BY ALICIA DUNKLEY-WILLIS Observer senior reporter email@example.com
FINANCIAL Secretary Dr Wesley Hughes says that public servants might be forced to publish the names and photographs of their colleagues, who have skipped town without serving their Government scholarship bonds, to recover millions of dollars owed to the State.
"We discussed (publishing names and photographs of persons) we didn't pursue this at this point as policy but we may have to look at it again. To be frank there is a reticence on the part of public servants publishing the names and photographs of their colleagues in instances," Dr Hughes told a meeting of the Public Accounts Committee of Parliament at Gordon House in downtown Kingston on Tuesday.
While noting that he was not trying to justify this action, Dr Hughes said: "We are dealing with human beings here and it is a relatively small society. But that should not deter us, in my view, if we have a policy. If there is no clear policy we should make a judgement at different points in time."
In her 2010/2011 report, Auditor General Pamela Monroe-Ellis pointed out that despite previous reports, a high delinquency rate still exists for the programme. As at March 31 last year, beneficiaries who failed to honour their bond agreement owed the Government J$36.8 million, CAD198,557, US$176,340 and £36,371.
She said despite the outstanding sums, "management was tardy in referring delinquent cases to the Attorney General's Department". For example, an August 2011 list of beneficiaries who forfeited their bond agreement between the period 2001 to 2006 revealed that the ministry had not reported the cases to the Auditor General's Department.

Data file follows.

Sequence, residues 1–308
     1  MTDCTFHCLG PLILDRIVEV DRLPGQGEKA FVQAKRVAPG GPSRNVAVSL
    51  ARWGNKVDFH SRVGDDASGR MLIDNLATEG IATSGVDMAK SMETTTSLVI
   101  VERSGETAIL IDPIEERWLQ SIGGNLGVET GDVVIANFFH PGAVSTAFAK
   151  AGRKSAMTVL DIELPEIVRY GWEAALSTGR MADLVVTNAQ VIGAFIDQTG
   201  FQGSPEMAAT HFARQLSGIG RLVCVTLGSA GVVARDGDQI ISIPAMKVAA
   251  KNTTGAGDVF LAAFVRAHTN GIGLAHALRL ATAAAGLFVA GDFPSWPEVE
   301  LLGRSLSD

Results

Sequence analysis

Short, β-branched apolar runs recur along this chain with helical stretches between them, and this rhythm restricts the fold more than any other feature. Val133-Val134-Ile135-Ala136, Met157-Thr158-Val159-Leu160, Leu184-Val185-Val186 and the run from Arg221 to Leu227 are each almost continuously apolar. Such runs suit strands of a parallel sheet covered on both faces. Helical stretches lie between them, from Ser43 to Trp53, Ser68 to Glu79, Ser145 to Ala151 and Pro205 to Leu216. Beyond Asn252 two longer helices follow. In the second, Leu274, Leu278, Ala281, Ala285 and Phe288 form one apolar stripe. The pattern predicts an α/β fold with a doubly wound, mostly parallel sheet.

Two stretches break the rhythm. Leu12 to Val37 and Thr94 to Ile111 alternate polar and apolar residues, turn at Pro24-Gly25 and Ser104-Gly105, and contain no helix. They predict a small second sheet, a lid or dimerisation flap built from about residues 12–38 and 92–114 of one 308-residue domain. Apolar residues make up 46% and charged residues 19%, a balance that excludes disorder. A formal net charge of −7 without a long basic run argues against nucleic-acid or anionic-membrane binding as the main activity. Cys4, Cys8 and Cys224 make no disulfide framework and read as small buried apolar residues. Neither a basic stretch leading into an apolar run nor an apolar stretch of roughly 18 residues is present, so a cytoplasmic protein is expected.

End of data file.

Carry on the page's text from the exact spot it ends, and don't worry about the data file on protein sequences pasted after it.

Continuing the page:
The ministry, in its response, said the delinquent cases were reduced from 157 in 2006 to 92 in 2011 a total reduction of 65 cases. It said as at June 2012 beneficiaries who failed to honour their bond agreement owed the government JMD37.1 million, CAD198,557.97, US$177,082.66 and GBP36,371.
Tuesday Dr Hughes, responding to queries from PAC Chairman Audley Shaw as to whether failure to report to the Attorney General's Department was adding to the ministry's non-compliance woes, said there were reservations about utilising this method as well.
"We did have internal discussions on this as to why we have not reported and there has been some reticence but we have taken a decision that we are going to be doing this more systematically to report these to the Attorney General's Chambers for legal action," he said.
He, however, pointed out that "very often a judgement is made as to the likely (legal) costs vis a vis payment and the possibility of tracking people".
In the meantime, he said a previous recommendation by the committee that it tries to collect through Students Loan Bureau (SLB) was explored, but led to a dead end. The financial secretary also said that the ministry was also suffering because of its inability to sufficiently track persons.